1. You have to have the courage to take on something challenging. Indiana Jones never ran away from a Challenge (well not the ones that mattered). It’s important to first be ready and dedicated to accomplishing a goal.

2. You need to know your stuff and be ready to learn. He is a super subject matter expert and professor in his field with plenty of knowledge about history, archeology and foreign lands. If you are diving into something like SharePoint you should hit the books first, and will need to learn a ton.

3. You don’t have to be a superhero. Indiana Jones was more or less an ordinary guy who did extraordinary things. We can all be just as extraordinary as Indy.

4. Know what your are afraid of, and work around it. Indy was afraid of snakes. He knew it, and we all knew it (because he shared that openly). As a result it is much easier to work around the fears.

5. You have to believe in yourself and it doesn’t hurt to be unique or have your own image. Indiana Jones has a very unique outfit and look. When you see it, it tells you a lot about him and his style, personality and attitude.

6. You have to see things through and stay focused. Indiana Jones always stayed focused on the treasure or end goal. Constantly moving towards it regardless of significant obstacles.

So I think the photo-shopped picture is perfect Mike! Looking forward to seeing more from your adventures soon,
Richard Harbridge

SPC09 and The Mississauga SharePoint User Group

October 27, 2009

Well the SharePoint Conference 2009 in Las Vegas is over. I will be watching the many recorded sessions I didn’t get to see (which was quite a few of them) and really enjoyed the opportunity of talking with so many familiar faces in the SharePoint community as well as a bunch of ones I had not met before. I even got to be on camera a couple times thanks to Dux’s great “what would you do if SharePoint never existed” videos (http://duxquax.com/what-rharbridge-would-do-if-sharepoint-never and http://duxquax.com/what-wonderlaura-would-do-if-sharepoint-never) and photo happy SharePointers.

I also have to admit that this was the first large conference where I relied on twitter for my updates and direction and it didn’t fail me once. Knowing where everyone was, what they were up to, their opinions on content, as well as reading some of the live blogs really made the entire conference experience much more enjoyable and engaging for me personally.

On Live Blogging

Among many others I did some live blogging with EndUserSharePoint to help share the experience and if your interested I can be found in group two here: http://www.endusersharepoint.com/blog/wp-content/uploads/2009/10/SPC09-AllStreams.htm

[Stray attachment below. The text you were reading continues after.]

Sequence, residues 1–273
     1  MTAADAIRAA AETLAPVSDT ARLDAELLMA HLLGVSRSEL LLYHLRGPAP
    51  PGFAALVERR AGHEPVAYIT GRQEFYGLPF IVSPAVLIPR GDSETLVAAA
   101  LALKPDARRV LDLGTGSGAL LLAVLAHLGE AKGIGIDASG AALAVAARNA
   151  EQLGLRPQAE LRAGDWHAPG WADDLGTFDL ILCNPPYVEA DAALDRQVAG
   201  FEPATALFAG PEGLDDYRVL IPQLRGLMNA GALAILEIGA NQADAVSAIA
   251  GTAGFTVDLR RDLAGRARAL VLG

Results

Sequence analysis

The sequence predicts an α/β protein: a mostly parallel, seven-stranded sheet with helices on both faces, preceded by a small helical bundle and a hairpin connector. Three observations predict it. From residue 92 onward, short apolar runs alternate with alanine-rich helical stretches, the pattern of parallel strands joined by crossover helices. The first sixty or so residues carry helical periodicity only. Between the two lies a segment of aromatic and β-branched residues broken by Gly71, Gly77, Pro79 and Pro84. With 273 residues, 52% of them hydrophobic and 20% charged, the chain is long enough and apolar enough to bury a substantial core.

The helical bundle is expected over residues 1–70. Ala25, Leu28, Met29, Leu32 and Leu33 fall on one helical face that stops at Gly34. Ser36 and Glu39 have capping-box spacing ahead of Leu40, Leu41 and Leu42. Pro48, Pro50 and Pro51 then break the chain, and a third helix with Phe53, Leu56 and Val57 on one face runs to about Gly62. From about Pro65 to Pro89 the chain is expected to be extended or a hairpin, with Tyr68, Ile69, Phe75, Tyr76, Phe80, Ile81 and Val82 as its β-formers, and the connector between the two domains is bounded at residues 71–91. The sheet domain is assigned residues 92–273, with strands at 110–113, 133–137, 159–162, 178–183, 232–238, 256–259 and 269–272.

Some simple lessons learned on live blogging:

  1. Get to the session early so you can score an electrical outlet. There aren’t many of these and they go pretty fast.
  2. It’s probably easier to record everything and add thoughts to points after the session is over than it is to articulate those thoughts while still maintaining concentration on the presentation.
  3. Don’t transcribe everything. Just grab the important points (if everything seems important only the most important or the points that stand out to you personally).

Do you have any thoughts on how I can improve?

I was a little sad that all the sessions I have seen so far were so high level, but considering 2010 was new to almost everyone there it did make sense. For me personally my favorite parts were the discussion group sessions (especially the social computing one) with the Microsoft teams as well as the IT Analyst session where I got an opportunity to talk a bit more in depth with Tom Rizzo and many industry analysts about SharePoint, the economy, partnerships, and Microsoft’s direction.

Be sure to check out things like Joel’s thoughts on the conference/2010, the videos at http://www.mssharepointconference.com and the many blogs that covered the event and are now talking about SharePoint 2010 features and changes.

User Groups and SharePoint Camp!

Upon returning to a much colder Canadian climate I could see the excitement was still very much alive. In fact just last night (Monday October 26th) the Mississauga SharePoint User Group had it’s first meeting at Microsoft! A huge congratulations to Ray Outair for his passion in getting this going as well as Eli, Bill and everyone else who has supported this and came out to the first meeting. For me personally this is really important as it offers many people who are unable to get downtown Toronto for the Toronto SharePoint User Group sessions a chance to still talk, share, and support one another.

As a reminder there will be another SharePoint 2010 session hosted by the Toronto SharePoint User Group this wednesday (October 28, 2009) which will also be shared via live meeting. I will post the linkage onto twitter as soon as the live meeting address is confirmed.

Here is the session abstract:

Presented by Savash Alic (Microsoft Canada) Principal Specialist, Ent Sales – SharePoint (MOSS, WSS, MCDBA, MCSE certified, MBA)